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Overwintered Drosophila suzukii Are the Main Source for Infestations of the First Fruit Crops of the Season

1
Groningen Institute for Evolutionary Life Sciences, University of Groningen, Nijenborgh 7, 9700 CC Groningen, The Netherlands
2
Wageningen University & Research, Laboratory of Genetics, PO Box 16, 6700 AA Wageningen, The Netherlands
3
Wageningen University & Research, Laboratory of Entomology, PO Box 16, 6700 AA Wageningen, The Netherlands
4
Wageningen University & Research, Field Crops, 6670 AE Zetten, The Netherlands
*
Author to whom correspondence should be addressed.
Insects 2018, 9(4), 145; https://doi.org/10.3390/insects9040145
Received: 28 September 2018 / Revised: 15 October 2018 / Accepted: 18 October 2018 / Published: 22 October 2018
(This article belongs to the Special Issue Pest Control in Fruit Trees)
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Abstract

The mechanisms allowing the widespread invasive pest Drosophila suzukii to survive from early spring until the availability of the first fruit crops are still unclear. Seasonal biology and population dynamics of D. suzukii were investigated in order to better understand the contribution of the early spring hosts to the infestation of the first fruit crops of the season. We identified hosts available to D. suzukii in early spring and assessed their suitability for the pest oviposition and reproductive success under field and laboratory conditions. The natural infestation rate of one of these hosts, Aucuba japonica, was assessed over springtime and the morphology of the flies that emerged from infested A. japonica fruits was characterized under field conditions. Then, these findings were correlated with long-term monitoring data on seasonal reproductive biology and morphology of the pest, using a cumulative degree-days (DD) analysis. Field sampling revealed that overwintered D. suzukii females were physiologically able to lay eggs at 87 DD which coincided with the detection of the first infested early spring hosts. The latter were continuously and increasingly infested by D. suzukii eggs in nature from early spring until the end of May, in particular Aucuba japonica. Individuals emerged from most of these hosts were characterized by a poor fitness and a rather low success of emergence. In the field, only few summer morphs emerged from naturally infested A. japonica fruits around the end of May-beginning of June. However, field monitoring in orchards revealed that D. suzukii individuals consisted solely of winter morphs until mid-June. These observations indicate that overwintered D. suzukii females are the predominant source for the infestations in the first available fruit crops of the season. We discuss these findings in the context of possible pest control strategies. View Full-Text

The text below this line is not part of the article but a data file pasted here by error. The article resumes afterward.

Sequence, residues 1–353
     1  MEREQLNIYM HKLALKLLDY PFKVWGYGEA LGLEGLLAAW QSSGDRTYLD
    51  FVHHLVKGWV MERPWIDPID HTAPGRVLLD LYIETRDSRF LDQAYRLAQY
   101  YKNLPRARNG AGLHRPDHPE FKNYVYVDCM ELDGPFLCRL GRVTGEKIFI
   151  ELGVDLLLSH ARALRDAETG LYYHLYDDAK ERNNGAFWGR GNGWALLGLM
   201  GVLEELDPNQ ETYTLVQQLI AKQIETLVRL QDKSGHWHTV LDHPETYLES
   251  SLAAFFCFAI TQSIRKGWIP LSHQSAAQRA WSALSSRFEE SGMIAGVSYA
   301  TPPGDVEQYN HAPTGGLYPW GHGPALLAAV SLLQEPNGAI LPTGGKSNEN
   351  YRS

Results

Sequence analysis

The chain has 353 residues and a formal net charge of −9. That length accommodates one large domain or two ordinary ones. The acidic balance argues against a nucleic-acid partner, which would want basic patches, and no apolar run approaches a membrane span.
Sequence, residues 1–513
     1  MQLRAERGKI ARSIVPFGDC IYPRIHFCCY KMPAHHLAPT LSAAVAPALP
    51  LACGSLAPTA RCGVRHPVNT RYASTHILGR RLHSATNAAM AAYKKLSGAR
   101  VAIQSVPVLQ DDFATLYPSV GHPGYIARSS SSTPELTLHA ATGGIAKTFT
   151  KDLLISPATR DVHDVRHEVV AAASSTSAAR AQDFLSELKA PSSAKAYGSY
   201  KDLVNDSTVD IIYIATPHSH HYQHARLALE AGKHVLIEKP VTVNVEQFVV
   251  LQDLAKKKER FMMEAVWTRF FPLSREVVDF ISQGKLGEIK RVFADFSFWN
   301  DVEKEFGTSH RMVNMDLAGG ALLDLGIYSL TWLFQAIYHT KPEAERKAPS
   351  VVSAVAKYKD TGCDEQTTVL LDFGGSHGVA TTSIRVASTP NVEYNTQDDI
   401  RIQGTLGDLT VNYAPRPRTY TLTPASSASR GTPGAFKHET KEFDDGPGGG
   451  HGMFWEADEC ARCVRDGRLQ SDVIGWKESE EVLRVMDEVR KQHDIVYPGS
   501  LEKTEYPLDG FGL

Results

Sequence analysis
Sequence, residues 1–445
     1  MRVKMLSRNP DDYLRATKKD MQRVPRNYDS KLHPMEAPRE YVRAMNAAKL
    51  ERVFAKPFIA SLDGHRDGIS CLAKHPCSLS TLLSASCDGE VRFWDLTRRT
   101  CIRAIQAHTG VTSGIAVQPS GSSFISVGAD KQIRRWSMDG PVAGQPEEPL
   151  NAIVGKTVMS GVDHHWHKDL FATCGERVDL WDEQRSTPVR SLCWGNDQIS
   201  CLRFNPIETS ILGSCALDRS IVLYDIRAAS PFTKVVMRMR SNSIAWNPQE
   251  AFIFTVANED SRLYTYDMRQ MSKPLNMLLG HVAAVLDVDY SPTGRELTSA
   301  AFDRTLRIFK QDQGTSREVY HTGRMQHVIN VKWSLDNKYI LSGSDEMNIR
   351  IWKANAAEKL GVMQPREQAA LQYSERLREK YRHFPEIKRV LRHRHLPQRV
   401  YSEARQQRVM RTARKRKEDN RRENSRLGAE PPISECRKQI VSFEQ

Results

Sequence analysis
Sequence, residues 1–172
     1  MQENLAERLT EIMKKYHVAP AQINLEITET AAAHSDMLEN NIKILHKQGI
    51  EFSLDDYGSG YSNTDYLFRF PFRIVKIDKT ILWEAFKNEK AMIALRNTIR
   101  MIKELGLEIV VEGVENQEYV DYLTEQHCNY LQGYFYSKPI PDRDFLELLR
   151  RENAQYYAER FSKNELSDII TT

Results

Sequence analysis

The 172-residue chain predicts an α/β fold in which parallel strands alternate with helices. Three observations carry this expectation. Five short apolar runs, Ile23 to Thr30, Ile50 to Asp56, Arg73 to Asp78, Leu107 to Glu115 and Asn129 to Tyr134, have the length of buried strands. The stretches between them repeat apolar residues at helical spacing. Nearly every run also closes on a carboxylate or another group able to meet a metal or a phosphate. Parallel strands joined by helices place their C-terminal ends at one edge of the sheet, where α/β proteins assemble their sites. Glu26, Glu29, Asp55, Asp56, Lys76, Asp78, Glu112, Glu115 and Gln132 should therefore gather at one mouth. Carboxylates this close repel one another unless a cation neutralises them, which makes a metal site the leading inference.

Keywords: Drosophila suzukii; alternative host; seasonal biology; phenotypic plasticity; integrated pest management Drosophila suzukii; alternative host; seasonal biology; phenotypic plasticity; integrated pest management
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Panel, A.D.C.; Zeeman, L.; Van der Sluis, B.J.; Van Elk, P.; Pannebakker, B.A.; Wertheim, B.; Helsen, H.H.M. Overwintered Drosophila suzukii Are the Main Source for Infestations of the First Fruit Crops of the Season. Insects 2018, 9, 145.

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